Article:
January 2021 – In this article Fergus Mclarnon, Managing Director at RPfT discusses why (and how) we change mindsets here at RPfT.
Why might we want to change mindsets?
In such instances we might be talking about subtle behavioural changes in the way things are done, but sometimes we might also be seeking major shifts in thinking.
Changing behaviours doesn’t just happen. Our brains are not wired to break formed habits and adopt new behaviours quickly – even if we know we ought to. Anyone who has ever tried to go on a diet or follow a new health regime can testify to that. No matter how good and engaging the message is, forming new habit and learning to genuinely behave differently takes time and practice.
Real change occurs when the new action happens in a real-life situation. So, even many of the basic skills like listening, motivating, delegating, effective communication or showing empathy, need to be practiced over and over again. Each time we practice these skills in a new way, neurons in our brains start firing, creating a new neural pathway. The more we practice, the stronger the neural pathway becomes and the easier it is for us to do things differently and change the mindset we are stuck in.
Skills practice is at the core of the drama-based training we offer. In a more traditional training workshop (that does not include skills practice) the candidates will increase their knowledge, learn a model or two, have debates and possibly carry out a psychometric test. Maybe several key insights will be taught, and a number of new learning points might be added into the candidate’s leadership toolkit. But inevitably the learners will not be able to put all this new learning into action straight away. After two or three weeks, participants might well remember a little of what they learnt, but they may be unsure how to implement the ideas in real-life. This where drama-based training adds real value to the learning experience.
When training on any new skill is delivered to a group of candidates, a context helps to cement the learning. Behavioural training becomes empowering when the learner understands why it is valuable to them and how they can apply it to the workplace. This is why we believe it is essential to put the newly introduced behaviours into practice right away, using real-world scenarios, in the training room. Through interactive practice and observation, we activate the new neural pathway and strengthen it immediately.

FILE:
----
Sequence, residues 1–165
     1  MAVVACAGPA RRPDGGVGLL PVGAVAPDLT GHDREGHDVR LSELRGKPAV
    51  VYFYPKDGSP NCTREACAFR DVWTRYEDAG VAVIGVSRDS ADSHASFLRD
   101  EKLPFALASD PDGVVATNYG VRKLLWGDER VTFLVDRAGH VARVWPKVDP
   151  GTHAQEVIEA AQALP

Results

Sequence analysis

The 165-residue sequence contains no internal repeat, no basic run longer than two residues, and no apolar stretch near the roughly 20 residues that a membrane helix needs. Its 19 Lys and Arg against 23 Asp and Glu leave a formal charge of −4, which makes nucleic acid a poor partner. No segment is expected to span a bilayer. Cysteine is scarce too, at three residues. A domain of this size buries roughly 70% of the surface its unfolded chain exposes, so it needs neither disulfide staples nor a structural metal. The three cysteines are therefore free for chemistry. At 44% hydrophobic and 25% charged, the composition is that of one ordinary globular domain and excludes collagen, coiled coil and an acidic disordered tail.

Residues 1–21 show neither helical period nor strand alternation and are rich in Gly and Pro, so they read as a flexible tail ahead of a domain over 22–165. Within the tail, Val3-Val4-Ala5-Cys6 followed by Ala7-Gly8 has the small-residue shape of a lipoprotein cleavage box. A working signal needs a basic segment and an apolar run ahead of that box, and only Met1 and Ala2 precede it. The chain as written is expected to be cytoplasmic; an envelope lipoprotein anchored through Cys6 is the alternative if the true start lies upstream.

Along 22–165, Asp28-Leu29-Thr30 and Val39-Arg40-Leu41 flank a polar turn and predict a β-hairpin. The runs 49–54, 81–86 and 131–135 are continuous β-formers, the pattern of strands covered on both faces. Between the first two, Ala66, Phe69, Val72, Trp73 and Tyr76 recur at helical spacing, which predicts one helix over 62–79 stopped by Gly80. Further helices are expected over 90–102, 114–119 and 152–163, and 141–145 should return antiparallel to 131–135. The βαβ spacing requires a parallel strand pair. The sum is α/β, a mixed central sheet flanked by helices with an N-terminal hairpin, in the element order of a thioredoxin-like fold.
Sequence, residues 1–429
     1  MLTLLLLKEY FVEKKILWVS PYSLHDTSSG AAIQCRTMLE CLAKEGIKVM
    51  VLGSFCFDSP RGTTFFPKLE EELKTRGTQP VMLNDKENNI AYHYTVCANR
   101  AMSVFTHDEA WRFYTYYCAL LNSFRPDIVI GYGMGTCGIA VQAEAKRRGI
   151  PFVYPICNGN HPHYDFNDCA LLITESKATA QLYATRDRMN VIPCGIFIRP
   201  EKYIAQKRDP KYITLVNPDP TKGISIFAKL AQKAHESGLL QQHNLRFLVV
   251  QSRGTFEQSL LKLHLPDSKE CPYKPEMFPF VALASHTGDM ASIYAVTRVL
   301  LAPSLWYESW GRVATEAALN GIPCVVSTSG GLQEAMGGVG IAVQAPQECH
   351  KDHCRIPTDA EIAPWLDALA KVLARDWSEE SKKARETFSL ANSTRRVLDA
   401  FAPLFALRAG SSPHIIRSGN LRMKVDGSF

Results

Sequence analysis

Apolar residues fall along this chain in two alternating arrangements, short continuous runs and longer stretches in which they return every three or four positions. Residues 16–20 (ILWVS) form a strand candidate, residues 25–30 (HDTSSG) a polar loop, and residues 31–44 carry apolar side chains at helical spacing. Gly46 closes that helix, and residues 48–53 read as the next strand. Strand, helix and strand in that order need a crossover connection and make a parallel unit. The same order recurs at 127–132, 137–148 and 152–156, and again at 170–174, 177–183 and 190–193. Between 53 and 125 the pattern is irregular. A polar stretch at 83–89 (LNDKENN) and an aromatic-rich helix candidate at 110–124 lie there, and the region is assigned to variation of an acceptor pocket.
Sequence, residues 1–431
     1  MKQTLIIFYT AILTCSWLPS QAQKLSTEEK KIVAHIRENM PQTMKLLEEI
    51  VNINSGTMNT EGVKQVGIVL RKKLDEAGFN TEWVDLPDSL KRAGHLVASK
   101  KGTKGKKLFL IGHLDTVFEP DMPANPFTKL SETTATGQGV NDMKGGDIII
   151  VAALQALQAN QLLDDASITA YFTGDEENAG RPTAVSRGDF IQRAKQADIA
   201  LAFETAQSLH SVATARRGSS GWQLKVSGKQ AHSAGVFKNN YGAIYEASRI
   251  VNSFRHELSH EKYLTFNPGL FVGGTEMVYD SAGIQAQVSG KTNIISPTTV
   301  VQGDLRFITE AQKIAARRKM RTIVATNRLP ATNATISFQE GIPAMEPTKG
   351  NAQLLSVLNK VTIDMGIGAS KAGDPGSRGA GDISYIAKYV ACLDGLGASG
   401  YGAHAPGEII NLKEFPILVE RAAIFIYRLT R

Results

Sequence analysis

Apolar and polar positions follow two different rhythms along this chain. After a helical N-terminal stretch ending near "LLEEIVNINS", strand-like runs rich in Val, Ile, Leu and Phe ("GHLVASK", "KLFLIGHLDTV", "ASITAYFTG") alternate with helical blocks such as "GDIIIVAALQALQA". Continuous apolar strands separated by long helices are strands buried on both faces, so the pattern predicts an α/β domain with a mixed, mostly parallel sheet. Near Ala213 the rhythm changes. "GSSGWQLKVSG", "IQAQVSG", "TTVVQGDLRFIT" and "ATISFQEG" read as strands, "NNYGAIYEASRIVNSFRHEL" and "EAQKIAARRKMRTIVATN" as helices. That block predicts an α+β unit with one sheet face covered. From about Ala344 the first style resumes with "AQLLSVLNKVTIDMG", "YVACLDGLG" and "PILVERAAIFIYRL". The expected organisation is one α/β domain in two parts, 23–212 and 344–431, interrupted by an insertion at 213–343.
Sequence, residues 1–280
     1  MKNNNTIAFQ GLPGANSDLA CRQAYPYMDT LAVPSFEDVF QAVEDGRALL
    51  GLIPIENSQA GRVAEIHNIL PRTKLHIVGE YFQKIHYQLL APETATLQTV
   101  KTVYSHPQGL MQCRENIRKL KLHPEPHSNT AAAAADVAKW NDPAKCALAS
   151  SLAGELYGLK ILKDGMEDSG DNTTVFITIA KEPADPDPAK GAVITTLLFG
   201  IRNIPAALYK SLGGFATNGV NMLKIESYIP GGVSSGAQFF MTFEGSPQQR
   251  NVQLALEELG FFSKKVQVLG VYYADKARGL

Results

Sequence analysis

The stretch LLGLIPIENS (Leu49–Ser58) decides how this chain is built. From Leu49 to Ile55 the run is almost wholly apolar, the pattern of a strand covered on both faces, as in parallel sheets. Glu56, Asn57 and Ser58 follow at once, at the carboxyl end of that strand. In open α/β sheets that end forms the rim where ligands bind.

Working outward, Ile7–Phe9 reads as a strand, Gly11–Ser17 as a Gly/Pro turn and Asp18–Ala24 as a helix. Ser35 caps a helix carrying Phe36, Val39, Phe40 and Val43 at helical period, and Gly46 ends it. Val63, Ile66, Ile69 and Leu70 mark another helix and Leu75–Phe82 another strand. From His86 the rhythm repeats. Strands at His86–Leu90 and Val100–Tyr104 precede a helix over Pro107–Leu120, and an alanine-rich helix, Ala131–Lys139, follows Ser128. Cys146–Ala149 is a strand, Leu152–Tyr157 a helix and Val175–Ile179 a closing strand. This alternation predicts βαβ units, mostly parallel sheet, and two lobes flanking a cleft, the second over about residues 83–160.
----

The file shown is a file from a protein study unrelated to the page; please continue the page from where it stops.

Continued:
Whilst both knowledge building and application of new ways of working are equally important, we would suggest that time is much better spent on the application. At RPfT we tend to devote perhaps 80% to 90% of the workshop to that phase. This is simply because it is possible to revise the theoretic knowledge independently, but the opportunity for skills practice and feedback is more difficult outside of the training room.
Skills practice with our peers is a safe way to start, but it does not replace the real thing. Working with a professional actor/facilitator brings the participant as close to reality as possible and can really help embed the new behaviours. To practice effectively, candidates need to try listening, watching, and contributing to a real-life scenario in the training session.
Often of course, real-world practice does not go as planned. Inevitably, something goes wrong. Much like trying to ride a bike for the first time – you are going to fall off. With skills practice, this is fine, in fact it’s ideal. This is where a specifically trained actor/facilitator is essential. Participants can ‘fail’, but in a totally safe environment. Furthermore, with the support of the actor/facilitator, they can then reflect on what went wrong, what could be improved and what can be carried over to the next attempt. The actor/facilitator will provide the feedback needed for candidates to change and adjust their behaviours to be more successful next time.
If the candidate group is committed to really learning and practicing new behaviours, then drama-based training is a process that really works. At the end of any session the group should reflect on what they may have to do to put the newly learnt behaviour into action. Often, candidates build a rapport within the group and during the session, which can be used to support each other in real life work situations, and when trying out the new behaviours.
Skills practice outside of the safety of the training room brings a whole new element to learning. It is no longer structured, it can occur suddenly, and without any time to prepare. It can take people right out of their comfort zone and throw them in at the deep end, where learning is most effective. In this way, the group can go forward supporting each other and carrying on their learning in their everyday work life.